February 16, 2022
By Benicia’s Dr. Richard Fleming
(Nextdoor post, reprinted here with permission)
On February 15, our city council voted to lift the indoor mask mandate by a vote of 4-1.
While their vote was not surprising, it was disappointing.
With 8 of the 9 Bay Area counties lifting county-wide masking orders, it would have been a stretch for Benicia’s city leaders to continue the local mandate.
In written and public comments, the main point I tried to make is that if one looks objectively at Benicia’s and Solano County’s numbers, we are far behind the rest of the Bay Area. Our cases are much higher. Our hospitalization rate is mid-range, but has increased since the city council last discussed the mandate in mid-January.
And, most concerning, our vaccination rate is significantly lower than the rest of the Bay Area. Excellent data shows that 3 shots are needed (or 2 shots, if the first is J&J) for optimal protection. Currently 43.2% of Benicia residents are optimally vaccinated. The other Bay Area counties have much higher vaccination rates.
The public comment period during the meeting was spirited, and many people called for the mandate to end. While I understand people’s frustration, the reasons people calling in gave for ending the mandate did not address our current situation with the pandemic. The reasons callers brought up included: masks don’t work, they are dangerous to your health, they are divisive, they are political, they have turned Benicia into a hateful angry town, they are a product of irrational fear, few people in the rest of the country wear masks and they are all doing just fine, and masks are hard on children.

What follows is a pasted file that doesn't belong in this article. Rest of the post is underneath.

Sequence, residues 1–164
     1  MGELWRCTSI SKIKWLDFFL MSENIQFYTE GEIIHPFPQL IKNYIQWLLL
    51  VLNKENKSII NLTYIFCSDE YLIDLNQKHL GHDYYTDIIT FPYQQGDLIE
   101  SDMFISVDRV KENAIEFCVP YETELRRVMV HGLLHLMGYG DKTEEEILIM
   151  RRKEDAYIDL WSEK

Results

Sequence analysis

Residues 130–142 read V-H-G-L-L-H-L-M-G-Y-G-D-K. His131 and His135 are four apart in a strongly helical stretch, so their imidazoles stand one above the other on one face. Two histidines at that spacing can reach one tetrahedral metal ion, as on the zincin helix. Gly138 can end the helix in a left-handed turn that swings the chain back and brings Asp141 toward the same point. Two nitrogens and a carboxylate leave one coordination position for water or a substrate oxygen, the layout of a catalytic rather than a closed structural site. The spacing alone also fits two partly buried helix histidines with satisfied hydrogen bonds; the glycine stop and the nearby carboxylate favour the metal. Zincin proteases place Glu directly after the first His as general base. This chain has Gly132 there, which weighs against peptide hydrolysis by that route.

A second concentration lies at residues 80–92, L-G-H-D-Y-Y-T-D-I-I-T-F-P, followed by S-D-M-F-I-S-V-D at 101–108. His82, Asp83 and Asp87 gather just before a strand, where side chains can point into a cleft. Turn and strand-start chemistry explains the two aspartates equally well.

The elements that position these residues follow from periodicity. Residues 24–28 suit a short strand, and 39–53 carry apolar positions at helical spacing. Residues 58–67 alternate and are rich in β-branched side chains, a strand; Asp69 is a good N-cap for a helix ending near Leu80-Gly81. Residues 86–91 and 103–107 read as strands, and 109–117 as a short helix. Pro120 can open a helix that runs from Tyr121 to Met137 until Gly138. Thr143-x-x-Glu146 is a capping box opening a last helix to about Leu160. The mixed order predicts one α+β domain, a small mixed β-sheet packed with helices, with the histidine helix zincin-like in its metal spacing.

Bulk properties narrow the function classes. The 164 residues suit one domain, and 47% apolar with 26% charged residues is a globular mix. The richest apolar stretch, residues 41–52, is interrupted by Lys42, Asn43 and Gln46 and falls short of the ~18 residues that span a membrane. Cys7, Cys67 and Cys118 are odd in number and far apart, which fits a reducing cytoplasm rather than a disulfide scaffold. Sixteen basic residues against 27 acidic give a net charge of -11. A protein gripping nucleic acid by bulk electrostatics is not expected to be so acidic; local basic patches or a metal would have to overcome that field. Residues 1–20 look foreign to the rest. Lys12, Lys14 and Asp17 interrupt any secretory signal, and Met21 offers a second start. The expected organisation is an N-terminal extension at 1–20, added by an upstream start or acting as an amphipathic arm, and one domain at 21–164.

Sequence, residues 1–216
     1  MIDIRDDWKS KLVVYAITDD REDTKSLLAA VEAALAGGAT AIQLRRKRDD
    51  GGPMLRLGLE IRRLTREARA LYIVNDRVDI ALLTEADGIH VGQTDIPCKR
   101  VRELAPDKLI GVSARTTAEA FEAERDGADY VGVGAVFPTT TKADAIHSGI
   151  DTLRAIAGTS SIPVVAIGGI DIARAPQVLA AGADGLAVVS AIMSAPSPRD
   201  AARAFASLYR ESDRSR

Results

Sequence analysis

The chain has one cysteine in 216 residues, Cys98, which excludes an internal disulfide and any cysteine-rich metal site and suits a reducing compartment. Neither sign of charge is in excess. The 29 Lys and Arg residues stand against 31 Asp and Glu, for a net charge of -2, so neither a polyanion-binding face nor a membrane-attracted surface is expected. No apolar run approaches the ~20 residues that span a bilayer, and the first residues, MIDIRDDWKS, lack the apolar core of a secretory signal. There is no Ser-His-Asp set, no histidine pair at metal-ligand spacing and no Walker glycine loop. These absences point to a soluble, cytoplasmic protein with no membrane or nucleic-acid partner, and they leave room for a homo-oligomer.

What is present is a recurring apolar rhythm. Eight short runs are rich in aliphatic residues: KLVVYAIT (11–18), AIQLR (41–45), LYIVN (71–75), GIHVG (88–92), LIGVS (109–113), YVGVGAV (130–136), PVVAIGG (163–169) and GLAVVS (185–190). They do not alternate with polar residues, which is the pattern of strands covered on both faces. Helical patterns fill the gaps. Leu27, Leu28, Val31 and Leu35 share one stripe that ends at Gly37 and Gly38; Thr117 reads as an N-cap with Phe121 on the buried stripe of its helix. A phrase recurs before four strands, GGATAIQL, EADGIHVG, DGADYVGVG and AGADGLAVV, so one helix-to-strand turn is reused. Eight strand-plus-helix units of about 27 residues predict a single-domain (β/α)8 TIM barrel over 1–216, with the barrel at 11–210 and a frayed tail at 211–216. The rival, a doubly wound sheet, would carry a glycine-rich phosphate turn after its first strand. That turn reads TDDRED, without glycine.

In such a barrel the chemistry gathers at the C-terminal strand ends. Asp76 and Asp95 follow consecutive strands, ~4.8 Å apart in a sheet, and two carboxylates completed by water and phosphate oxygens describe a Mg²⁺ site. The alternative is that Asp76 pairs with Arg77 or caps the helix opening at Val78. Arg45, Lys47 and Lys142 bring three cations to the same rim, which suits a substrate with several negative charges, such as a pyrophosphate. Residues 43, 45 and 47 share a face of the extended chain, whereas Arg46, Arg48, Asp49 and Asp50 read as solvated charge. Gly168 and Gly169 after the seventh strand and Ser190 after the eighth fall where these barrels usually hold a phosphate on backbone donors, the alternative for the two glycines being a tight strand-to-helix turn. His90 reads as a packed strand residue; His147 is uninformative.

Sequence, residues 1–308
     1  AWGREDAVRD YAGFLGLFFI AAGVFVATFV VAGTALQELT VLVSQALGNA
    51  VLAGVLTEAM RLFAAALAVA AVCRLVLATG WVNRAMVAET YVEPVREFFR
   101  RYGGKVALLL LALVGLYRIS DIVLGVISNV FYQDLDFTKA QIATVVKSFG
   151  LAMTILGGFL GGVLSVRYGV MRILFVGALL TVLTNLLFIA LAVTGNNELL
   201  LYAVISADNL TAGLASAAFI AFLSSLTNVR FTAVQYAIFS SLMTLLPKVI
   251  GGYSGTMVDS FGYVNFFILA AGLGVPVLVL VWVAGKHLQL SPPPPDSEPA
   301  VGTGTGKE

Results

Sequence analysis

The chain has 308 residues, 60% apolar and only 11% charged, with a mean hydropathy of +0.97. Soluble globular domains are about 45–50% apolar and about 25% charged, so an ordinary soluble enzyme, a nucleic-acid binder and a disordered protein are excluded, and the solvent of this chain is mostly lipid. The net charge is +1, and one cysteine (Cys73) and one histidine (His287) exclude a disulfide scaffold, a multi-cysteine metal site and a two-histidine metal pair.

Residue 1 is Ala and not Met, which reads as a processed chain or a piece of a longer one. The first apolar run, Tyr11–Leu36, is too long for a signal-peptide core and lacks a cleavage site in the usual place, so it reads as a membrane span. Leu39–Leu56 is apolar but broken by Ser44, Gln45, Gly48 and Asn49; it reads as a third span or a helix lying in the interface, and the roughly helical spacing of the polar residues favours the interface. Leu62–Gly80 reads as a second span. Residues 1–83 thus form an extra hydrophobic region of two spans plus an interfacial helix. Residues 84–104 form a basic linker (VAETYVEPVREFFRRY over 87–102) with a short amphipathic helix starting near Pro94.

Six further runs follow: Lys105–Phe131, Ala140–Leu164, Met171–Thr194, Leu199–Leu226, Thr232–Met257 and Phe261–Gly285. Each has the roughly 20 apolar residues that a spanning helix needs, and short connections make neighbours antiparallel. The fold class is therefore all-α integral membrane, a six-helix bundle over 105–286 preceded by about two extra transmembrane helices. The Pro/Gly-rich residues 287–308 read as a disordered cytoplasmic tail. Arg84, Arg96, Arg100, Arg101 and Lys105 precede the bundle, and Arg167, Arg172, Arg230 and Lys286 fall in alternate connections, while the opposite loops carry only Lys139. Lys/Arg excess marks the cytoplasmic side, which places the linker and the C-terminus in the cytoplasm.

Callers said mandates are unconstitutional and people should have the individual right to do what they want.
Since none of these comments addressed where the pandemic currently stands, they would have been equally applicable a year ago.
Leaving aside the question of children, there are rational opposing views to each of these statements, based on both scientific study and U.S. judicial history, but I will not revisit those here.
Specifically on the issue of children, I think a valid case can be made that children should no longer be required to wear masks. At the same time, there is little doubt that mask-wearing by children has helped save many teachers and grandparents from getting sick. But at this point, with numbers improving, it is probably time to for children to take their masks off.
Vice Mayor Tom Campbell was the lone vote to continue the mandate. He pointed to the hundreds of medical studies which confirm the effectiveness of masking. He also referred to the fact that our numbers do not yet support lifting this safety measure, though hopefully our numbers will be better soon.
Bottom line, I think the council lifted the mask mandate a bit prematurely. I think our numbers would improve more quickly had it been left in place, but hopefully they will continue to improve anyway. We in Benicia are substantially protected by what the rest of the Bay Area is doing, since we are not a walled-off island. And the fact the rest of the Bay Area has vaccinated such a high proportion of its population and succeeded in quashing the virus more effectively than we have will help things here in Benicia.
Ultimately, the two best things we can each do are get vaccinated and boosted, and to understand that actions we each take can have an impact on others. We live in a community, and we each have freedoms, but freedoms come with responsibilities towards others.